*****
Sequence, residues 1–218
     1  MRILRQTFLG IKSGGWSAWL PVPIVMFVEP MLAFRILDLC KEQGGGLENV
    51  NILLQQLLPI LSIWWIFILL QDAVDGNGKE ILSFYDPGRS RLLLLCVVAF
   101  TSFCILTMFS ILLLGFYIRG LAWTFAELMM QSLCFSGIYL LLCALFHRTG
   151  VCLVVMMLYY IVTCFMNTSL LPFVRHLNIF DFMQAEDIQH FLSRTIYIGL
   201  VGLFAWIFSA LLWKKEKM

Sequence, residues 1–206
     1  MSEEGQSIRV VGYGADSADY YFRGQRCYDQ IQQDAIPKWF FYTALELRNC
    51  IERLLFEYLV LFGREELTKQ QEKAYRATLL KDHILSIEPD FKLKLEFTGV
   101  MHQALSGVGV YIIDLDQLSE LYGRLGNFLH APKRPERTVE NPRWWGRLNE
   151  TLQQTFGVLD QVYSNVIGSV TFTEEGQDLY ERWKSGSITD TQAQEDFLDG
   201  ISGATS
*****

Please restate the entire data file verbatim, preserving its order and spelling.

Sequence, residues 1–218
     1  MRILRQTFLG IKSGGWSAWL PVPIVMFVEP MLAFRILDLC KEQGGGLENV
    51  NILLQQLLPI LSIWWIFILL QDAVDGNGKE ILSFYDPGRS RLLLLCVVAF
   101  TSFCILTMFS ILLLGFYIRG LAWTFAELMM QSLCFSGIYL LLCALFHRTG
   151  VCLVVMMLYY IVTCFMNTSL LPFVRHLNIF DFMQAEDIQH FLSRTIYIGL
   201  VGLFAWIFSA LLWKKEKM

Sequence, residues 1–206
     1  MSEEGQSIRV VGYGADSADY YFRGQRCYDQ IQQDAIPKWF FYTALELRNC
    51  IERLLFEYLV LFGREELTKQ QEKAYRATLL KDHILSIEPD FKLKLEFTGV
   101  MHQALSGVGV YIIDLDQLSE LYGRLGNFLH APKRPERTVE NPRWWGRLNE
   151  TLQQTFGVLD QVYSNVIGSV TFTEEGQDLY ERWKSGSITD TQAQEDFLDG
   201  ISGATS